• Any averaging time utilized for a permit condition must be no greater than the averaging time for any applicable national ambient air quality standard.

Section 3 requires the energy and carbon management commission to require that an oil and gas operator obtain a (air emissions) permit before making a final determination on an oil and gas permit application. Read the Fact Sheet.

⭐️ SB24-165 | Air Quality Improvements | Concerning measures to reduce emissions of air pollutants that negatively impact air quality. | Sponsors: Sens Priola/Cutter, Reps Rutinel/Garcia | Summary: On or before December 31, 2028, the bill requires the air quality control commission (AQCC) to adopt by rule certain emission standards and requirements for in-use, off-road, diesel-fueled fleets (like bulldozers, fracking rigs and backhoes).

On or before December 31, 2025, the AQCC must adopt rules for controlling emissions from facilities, buildings, structures, installations, or real property that generates mobile source activity that results in emissions of air pollutants (indirect source) within the 8-hour ozone Denver metro/north front range nonattainment area. The rules must include emission reduction targets for indirect sources to achieve and a process for the CDPHE to review alternative approaches proposed by an owner or operator of an indirect source. The commission may establish a fee for indirect sources within the covered nonattainment area to cover the division’s costs in implementing the rules.

The bill also defines “ozone season” as the period beginning May 1 and ending September 30 of each year (ozone season). Beginning in the 2025 ozone season, and in each ozone season thereafter, any oil and gas preproduction activity within the covered nonattainment area must pause for the duration of the ozone season.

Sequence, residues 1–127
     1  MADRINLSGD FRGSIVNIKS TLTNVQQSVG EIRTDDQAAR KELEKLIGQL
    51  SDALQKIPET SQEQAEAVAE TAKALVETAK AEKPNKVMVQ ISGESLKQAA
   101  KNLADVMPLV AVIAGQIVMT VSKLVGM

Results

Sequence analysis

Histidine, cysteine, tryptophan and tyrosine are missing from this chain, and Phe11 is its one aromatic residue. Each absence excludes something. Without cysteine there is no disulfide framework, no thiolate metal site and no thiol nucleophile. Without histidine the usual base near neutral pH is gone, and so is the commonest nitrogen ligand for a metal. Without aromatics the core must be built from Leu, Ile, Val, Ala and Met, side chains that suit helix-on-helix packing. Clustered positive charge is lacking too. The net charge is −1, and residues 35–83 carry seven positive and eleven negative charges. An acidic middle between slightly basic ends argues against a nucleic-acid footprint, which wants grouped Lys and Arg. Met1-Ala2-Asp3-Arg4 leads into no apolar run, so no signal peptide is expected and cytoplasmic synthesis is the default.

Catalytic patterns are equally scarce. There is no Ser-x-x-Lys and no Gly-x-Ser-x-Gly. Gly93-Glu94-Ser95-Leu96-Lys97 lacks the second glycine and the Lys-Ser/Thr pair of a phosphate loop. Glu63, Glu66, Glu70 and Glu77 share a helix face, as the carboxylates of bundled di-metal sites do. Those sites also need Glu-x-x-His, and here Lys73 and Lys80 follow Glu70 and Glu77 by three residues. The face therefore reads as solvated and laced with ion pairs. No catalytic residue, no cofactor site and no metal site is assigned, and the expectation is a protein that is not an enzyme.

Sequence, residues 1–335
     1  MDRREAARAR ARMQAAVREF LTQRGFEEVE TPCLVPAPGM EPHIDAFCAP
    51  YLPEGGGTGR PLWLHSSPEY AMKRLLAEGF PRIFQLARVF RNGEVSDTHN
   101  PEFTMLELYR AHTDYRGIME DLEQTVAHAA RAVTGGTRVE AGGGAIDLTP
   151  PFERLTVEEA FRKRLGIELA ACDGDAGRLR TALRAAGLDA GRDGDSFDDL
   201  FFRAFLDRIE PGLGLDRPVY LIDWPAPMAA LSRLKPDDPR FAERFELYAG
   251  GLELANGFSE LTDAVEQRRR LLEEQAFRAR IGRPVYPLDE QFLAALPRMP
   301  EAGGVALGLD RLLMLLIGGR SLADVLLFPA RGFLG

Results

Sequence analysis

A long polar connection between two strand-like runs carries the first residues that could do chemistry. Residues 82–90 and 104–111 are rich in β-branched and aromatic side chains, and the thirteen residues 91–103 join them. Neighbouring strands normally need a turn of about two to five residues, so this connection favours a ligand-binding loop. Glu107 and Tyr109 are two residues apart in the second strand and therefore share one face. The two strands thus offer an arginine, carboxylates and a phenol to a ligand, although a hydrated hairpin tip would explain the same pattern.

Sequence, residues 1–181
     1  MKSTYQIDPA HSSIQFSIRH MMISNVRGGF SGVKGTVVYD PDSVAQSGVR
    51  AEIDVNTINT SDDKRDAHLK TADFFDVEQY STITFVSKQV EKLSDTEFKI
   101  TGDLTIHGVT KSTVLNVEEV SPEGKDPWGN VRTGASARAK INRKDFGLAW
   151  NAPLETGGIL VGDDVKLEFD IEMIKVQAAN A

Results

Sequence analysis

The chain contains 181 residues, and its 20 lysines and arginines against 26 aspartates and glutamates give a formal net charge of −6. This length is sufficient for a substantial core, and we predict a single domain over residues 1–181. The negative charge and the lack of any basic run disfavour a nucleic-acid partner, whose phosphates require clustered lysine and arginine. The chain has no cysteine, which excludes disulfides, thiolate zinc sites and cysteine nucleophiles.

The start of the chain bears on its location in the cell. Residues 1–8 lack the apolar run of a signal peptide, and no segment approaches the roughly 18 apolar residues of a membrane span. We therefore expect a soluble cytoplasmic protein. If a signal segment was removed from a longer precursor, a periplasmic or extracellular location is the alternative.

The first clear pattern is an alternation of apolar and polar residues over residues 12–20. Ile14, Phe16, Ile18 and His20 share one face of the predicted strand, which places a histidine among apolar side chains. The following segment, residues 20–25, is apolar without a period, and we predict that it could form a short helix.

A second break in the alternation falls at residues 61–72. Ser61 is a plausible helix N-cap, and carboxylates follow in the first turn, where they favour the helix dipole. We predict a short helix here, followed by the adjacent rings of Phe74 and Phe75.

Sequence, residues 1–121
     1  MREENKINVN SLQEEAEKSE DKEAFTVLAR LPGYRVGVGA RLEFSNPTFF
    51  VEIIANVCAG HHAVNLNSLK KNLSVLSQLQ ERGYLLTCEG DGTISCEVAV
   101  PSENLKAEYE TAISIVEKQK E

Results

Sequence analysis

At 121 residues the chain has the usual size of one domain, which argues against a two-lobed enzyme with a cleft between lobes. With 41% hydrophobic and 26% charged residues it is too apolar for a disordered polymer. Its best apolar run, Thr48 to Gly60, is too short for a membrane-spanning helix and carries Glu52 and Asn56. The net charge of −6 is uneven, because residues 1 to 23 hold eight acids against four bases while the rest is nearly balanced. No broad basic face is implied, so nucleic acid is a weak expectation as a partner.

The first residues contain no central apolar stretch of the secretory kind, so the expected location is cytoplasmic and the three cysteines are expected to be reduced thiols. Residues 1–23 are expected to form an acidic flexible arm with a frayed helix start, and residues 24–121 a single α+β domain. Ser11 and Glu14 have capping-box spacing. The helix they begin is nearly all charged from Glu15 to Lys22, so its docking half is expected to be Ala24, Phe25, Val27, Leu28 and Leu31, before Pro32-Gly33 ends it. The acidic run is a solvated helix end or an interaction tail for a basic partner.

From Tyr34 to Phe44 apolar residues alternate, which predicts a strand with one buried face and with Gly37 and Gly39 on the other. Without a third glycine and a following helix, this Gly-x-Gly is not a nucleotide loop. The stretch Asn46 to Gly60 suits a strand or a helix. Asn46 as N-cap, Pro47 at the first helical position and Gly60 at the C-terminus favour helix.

On or before June 30, 2024, and on or before each June 30 thereafter, an oil and gas operator in the state is required to submit an oil and natural gas annual emission inventory report (inventory report) to the division that includes, for the previous calendar year, the emissions of certain air pollutants from oil and gas operations under the control of the oil and gas operator.

On or before October 1, 2024, and on or before each October 1 thereafter, the division, in coordination with the energy and carbon management commission (ECMC), must prepare a report regarding the inventory reports received by the division for the previous calendar year and certain other information.

On or before November 30, 2024, and on or before each November 30 thereafter, for the ozone season of the subsequent year, an oil and gas operator that controls oil and gas operations in the covered nonattainment area must submit a report to the division estimating emissions of nitrogen oxides from the oil and gas operator’s operations in the covered nonattainment area (estimates).

For the 2025 ozone season, and for each ozone season thereafter, the ECMC, in consultation with the division, must develop an ozone season nitrogen oxides emission budget for the emissions of nitrogen oxides by oil and gas operations in the covered nonattainment area, which budget must set certain maximum average emission levels of nitrogen oxides by oil and gas operations.

On or before February 1, 2025, and on or before each February 1 thereafter, the division must prepare a nitrogen oxides report regarding the estimates received by the division for use by the ECMC in determining if the total estimates received exceed the budget for the ozone season of the current year.